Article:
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France, 1998 (MIFF 1999, International Panorama)

Director: Bertrand Tavernier

An ensemble tale about a working-class community struggling against apparently impossible odds, French film mainstay Bertrand Tavernier scripted the film with his daughter and son-in-law, based closely on the latter's real-lite experiences as head of a nursery school in a forlorn former mining town in northern France.

Headmaster Daniel Lefebvre's (played forcefully by Philippe Torreton) work is a constant struggle against intransigent bureaucracy and inadequate resources. One family in particular catches his attention: a young mother fighting despair through a long, hard winter, trying to raise two children without electricity, living on a diet of milk and biscuits.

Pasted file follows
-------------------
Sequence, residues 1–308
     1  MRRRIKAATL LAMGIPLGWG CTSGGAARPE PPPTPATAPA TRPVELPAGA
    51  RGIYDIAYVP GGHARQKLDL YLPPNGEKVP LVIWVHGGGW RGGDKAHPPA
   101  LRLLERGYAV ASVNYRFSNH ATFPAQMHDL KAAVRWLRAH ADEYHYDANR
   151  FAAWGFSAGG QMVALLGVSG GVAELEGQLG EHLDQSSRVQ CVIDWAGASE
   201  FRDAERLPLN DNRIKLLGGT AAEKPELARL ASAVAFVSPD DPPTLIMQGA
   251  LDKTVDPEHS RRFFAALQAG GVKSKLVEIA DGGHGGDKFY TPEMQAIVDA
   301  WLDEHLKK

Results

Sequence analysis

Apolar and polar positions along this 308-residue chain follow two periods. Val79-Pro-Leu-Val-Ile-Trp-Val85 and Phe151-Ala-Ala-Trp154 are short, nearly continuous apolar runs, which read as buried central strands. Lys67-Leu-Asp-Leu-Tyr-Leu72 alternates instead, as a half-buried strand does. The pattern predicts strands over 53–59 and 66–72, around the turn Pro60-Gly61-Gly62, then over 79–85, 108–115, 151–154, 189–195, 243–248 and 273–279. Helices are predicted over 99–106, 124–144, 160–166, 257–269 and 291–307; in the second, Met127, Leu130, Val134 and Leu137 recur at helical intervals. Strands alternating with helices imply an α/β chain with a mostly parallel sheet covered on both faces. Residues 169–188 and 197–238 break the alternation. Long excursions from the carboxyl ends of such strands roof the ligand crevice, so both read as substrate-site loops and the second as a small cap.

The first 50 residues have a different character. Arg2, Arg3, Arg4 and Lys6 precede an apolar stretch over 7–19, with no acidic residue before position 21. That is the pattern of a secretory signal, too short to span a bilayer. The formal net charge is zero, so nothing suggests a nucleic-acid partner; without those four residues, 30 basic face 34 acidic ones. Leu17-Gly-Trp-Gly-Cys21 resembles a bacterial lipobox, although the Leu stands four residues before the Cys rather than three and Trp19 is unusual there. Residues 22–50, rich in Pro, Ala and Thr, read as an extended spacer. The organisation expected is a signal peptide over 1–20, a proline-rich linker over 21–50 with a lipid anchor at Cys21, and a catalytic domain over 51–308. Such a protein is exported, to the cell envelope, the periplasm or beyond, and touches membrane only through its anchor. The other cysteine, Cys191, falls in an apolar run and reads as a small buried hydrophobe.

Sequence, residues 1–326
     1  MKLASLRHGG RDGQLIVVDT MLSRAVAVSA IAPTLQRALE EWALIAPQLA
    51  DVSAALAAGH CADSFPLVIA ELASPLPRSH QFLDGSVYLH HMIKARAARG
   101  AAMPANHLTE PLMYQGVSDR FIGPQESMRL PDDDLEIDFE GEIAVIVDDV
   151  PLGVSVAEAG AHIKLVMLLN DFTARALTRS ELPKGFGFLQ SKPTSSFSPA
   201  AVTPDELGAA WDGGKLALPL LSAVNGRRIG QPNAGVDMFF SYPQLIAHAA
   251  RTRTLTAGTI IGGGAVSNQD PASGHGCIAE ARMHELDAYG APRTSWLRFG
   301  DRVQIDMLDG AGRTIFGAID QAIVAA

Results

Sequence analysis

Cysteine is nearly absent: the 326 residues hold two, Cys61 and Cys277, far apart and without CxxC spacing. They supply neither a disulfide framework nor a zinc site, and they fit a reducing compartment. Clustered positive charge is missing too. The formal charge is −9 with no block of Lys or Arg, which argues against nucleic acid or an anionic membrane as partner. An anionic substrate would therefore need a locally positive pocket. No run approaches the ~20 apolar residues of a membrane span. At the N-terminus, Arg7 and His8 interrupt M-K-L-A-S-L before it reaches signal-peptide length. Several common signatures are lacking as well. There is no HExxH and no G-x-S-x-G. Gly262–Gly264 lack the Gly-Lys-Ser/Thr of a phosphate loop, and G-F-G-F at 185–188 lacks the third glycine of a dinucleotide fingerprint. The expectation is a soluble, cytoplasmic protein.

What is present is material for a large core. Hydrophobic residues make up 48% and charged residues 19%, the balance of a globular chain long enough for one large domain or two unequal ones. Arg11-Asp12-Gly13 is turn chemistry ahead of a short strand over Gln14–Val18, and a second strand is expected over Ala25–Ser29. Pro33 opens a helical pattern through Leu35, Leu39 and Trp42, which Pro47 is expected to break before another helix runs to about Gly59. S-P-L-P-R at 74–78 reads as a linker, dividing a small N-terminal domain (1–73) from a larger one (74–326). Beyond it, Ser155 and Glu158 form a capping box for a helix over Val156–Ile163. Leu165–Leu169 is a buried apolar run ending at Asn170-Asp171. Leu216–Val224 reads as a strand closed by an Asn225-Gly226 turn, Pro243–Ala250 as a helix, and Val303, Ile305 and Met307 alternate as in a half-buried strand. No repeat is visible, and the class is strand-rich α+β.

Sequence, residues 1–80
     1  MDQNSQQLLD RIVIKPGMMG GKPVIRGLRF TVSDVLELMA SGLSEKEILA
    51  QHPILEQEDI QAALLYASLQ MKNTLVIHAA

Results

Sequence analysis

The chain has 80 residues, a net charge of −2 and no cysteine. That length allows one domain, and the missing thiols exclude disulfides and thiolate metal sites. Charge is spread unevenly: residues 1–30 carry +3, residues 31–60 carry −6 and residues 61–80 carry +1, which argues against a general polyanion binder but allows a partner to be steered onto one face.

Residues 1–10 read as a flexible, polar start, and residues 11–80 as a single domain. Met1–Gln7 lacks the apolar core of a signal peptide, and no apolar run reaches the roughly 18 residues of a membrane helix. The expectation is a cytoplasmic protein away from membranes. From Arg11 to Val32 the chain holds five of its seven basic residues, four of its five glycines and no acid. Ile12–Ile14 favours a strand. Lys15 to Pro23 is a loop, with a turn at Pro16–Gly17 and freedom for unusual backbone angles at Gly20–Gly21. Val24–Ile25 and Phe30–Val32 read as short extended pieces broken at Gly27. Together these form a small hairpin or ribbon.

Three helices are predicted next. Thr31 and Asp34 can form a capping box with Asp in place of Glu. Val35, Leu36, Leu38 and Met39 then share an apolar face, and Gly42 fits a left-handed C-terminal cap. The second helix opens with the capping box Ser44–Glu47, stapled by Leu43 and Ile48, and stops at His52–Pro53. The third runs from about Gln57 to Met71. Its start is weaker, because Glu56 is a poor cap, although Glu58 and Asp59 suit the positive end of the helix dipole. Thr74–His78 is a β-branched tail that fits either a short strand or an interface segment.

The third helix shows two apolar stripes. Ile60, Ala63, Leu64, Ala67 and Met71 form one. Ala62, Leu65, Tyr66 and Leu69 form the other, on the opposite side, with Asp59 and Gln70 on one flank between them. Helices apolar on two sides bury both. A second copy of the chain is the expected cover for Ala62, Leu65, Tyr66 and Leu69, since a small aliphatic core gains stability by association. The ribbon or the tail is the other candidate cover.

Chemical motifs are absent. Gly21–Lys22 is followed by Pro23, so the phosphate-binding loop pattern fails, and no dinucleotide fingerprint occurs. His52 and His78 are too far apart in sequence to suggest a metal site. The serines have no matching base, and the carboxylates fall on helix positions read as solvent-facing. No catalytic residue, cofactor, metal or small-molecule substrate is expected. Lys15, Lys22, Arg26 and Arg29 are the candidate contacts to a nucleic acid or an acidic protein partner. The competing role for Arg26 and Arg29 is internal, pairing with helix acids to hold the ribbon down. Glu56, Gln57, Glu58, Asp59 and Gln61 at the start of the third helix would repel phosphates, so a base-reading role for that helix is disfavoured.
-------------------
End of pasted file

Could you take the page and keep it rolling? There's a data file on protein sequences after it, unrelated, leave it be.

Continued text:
Tavernier's film scored the FIPRESCI international critic's prize at the Berlin Film Festival for "Its commitment to everyday heroism, its multilayered approach to an array of social problems and for the visual force of the story­telling." Impacting widescreen cinematography and Louis Sclavis' cool, jazz inflected score are further assets.

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